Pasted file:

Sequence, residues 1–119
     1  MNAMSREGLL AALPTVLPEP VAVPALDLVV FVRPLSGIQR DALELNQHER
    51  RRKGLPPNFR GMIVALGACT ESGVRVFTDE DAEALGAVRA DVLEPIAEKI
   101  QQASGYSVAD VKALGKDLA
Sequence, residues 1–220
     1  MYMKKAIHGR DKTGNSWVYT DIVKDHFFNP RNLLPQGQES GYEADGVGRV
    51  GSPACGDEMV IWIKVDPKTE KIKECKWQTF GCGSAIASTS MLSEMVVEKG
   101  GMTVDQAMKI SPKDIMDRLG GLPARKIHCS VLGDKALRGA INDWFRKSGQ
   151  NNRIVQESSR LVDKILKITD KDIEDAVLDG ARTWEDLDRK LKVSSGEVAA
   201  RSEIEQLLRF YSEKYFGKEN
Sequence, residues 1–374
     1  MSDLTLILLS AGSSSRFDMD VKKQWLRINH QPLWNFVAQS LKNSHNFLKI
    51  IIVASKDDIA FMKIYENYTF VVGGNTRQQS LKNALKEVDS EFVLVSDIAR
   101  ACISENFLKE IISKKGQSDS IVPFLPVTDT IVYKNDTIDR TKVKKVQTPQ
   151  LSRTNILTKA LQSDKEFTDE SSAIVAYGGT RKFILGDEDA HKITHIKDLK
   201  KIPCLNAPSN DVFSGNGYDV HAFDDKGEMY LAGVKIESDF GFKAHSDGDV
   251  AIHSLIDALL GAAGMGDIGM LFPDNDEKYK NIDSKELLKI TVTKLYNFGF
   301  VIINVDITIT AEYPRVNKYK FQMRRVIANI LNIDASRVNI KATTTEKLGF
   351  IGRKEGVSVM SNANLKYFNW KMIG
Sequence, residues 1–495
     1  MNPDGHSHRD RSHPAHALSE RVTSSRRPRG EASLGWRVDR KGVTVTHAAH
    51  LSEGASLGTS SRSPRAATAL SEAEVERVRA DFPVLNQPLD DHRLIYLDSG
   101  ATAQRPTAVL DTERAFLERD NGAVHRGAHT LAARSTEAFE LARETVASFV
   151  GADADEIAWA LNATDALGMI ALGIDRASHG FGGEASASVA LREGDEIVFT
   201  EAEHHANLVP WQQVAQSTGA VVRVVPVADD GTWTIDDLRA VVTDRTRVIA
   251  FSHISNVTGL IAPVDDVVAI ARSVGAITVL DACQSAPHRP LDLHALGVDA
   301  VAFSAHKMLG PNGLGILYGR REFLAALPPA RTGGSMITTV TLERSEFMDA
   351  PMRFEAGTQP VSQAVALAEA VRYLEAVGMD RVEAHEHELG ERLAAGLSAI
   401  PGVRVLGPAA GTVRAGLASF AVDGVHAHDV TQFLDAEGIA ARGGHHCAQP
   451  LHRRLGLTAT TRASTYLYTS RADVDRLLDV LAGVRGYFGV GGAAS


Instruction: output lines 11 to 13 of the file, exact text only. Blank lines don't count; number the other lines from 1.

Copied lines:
Sequence, residues 1–374
     1  MSDLTLILLS AGSSSRFDMD VKKQWLRINH QPLWNFVAQS LKNSHNFLKI
    51  IIVASKDDIA FMKIYENYTF VVGGNTRQQS LKNALKEVDS EFVLVSDIAR